LA's Little Tokyo Gets Its Moment

Ever wonder what LA will look like in 30, 50, or 100 years? Little Tokyo Design Week, which launched last night in downtown Los Angeles, captures a glimpse of the future city through the eyes of  innovative designers and companies inspired by technology from Japan. The four-day celebration takes place in one of the country’s few remaining Japan-towns and includes panels, exhibitions, parties, pop-up stores and even pub crawls. It opened last night with a forum from LA architecture school leaders Hitoshi Abe, Qingyan Ma, Ming Fung, and Andrew Zago, an outdoor screening of Hayo Miyazaki’s beloved anime classic My Neighbor Totoro, and a discussion of urban life as a customizable, sustainable existence with Tim Durfee, Ben Hooker, Keiichi Matsuda, Jon Rafman and Sputniko! Basically, this design week is about how to face the future of a more populated globe.

Familiar names like Toyota and Daiwa House stand out above the city lights with displays based on alternative energy and what happens when housing meets technology. But have no fear – designers are still the heart of design week. This includes Professor Tatsuya Wada’s exhibit of interactive robots by Flower Robotics, Honda, Toshiba, and Sony called Robot Box; Brandon Shigeta’s 3D photography ArtCube; and Victor Jones’ and USC students’ Food Futures (suspended nylon particles and rice representing the relationship between data and food production).

The week’s most tantalizing exhibits feature Stan Sakai’s (informally known as the Japanese Stan Lee) Usagi Yojimbo, an eye-catching geometric behemoth by UCLA’s Hi-C program, and a section dedicated to  1960s Japanese housing projects. An Astroboy-themed awards presentation featuring Tokyo/LA House Container and local theatre group East West Players will crown the most visionary designs and speculate on a “Future City.”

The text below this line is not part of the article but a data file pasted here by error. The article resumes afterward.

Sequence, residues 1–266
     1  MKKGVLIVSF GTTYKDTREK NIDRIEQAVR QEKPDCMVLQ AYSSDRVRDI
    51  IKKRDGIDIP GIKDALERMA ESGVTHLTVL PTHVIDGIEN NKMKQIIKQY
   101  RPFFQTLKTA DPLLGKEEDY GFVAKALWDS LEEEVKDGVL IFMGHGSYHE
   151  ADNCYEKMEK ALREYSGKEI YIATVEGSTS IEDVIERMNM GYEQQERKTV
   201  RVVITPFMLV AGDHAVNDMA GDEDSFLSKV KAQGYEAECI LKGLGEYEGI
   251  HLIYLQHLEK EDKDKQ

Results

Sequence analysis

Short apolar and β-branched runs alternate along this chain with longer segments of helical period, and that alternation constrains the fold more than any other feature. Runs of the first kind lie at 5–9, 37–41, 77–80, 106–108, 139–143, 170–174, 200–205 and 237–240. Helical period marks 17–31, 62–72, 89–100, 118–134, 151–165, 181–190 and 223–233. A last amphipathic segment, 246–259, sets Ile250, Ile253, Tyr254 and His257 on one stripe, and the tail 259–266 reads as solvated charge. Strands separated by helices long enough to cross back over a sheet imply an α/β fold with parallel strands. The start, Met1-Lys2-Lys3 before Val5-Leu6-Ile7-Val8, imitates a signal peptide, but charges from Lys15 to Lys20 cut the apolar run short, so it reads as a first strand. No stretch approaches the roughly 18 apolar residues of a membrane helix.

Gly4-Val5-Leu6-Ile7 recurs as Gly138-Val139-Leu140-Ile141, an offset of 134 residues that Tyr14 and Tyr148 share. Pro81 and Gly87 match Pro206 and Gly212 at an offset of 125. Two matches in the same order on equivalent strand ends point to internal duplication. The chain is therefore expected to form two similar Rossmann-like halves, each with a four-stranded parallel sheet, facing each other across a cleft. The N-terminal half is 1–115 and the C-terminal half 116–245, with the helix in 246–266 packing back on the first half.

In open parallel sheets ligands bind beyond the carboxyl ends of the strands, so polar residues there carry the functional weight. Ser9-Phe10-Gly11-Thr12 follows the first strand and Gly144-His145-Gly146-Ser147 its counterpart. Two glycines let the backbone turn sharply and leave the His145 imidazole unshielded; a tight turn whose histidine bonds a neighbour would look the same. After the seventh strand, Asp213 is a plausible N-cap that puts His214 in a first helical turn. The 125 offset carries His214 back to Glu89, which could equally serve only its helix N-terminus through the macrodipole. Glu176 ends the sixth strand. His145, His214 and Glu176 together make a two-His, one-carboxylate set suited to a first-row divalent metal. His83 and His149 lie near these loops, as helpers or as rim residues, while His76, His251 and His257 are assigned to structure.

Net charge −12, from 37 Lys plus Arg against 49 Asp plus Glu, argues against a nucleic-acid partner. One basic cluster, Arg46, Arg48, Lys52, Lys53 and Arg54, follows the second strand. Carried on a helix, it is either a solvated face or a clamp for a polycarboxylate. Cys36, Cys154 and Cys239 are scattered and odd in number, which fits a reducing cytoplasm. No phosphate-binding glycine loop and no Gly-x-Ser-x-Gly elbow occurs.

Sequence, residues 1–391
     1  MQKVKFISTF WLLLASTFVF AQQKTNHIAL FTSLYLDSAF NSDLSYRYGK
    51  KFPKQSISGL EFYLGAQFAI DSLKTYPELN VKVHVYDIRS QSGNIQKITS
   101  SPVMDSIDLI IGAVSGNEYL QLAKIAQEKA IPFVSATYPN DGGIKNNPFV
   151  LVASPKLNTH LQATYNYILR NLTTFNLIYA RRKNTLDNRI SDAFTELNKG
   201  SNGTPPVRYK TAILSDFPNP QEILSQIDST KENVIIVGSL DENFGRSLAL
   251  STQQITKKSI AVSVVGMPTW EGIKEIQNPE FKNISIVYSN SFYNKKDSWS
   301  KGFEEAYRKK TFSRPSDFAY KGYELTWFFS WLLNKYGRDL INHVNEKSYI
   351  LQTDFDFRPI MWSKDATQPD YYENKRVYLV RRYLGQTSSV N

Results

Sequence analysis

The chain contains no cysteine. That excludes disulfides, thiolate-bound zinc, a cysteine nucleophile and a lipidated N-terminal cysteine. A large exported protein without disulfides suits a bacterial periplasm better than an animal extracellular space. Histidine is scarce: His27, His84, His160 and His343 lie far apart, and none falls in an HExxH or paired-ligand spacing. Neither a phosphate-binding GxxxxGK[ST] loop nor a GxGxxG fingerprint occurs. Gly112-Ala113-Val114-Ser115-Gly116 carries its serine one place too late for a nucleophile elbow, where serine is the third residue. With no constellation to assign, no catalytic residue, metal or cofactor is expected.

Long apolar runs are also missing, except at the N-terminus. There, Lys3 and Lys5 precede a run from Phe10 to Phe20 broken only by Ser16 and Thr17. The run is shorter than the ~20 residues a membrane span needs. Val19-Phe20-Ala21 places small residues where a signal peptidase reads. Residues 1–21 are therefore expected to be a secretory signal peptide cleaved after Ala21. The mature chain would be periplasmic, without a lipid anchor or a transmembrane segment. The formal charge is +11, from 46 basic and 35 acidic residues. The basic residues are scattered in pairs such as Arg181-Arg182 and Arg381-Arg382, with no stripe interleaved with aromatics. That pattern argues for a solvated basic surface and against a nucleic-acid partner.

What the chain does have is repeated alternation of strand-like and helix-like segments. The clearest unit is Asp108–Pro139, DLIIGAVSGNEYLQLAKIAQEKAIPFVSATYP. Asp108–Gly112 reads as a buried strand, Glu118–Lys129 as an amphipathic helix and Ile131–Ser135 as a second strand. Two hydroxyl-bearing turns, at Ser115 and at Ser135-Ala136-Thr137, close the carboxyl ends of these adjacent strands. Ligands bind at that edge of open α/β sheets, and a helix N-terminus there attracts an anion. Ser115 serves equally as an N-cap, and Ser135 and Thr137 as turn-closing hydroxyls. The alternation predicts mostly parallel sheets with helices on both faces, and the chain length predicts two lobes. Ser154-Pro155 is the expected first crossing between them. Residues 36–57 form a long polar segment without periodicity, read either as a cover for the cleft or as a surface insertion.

The Giant Robot pod will be one of several pop up installations at the festival.

Little Tokyo has not forgotten its Japanese roots, including a photojournalism gallery at the Japanese Cultural and Community Center about the 2011 tsunami and earthquake. Festivities will help support Japan Platform, an organization helping Japanese earthquake and tsunami victims, and are made possible with help from the US Japan Earthquake Relief Fund.

But wherever you decide to spend your time, use it wisely. This is “Carmageddon” weekend and the freeways will be packed. And isn’t design week one more step towards sustainability and away from an urban nightmare?

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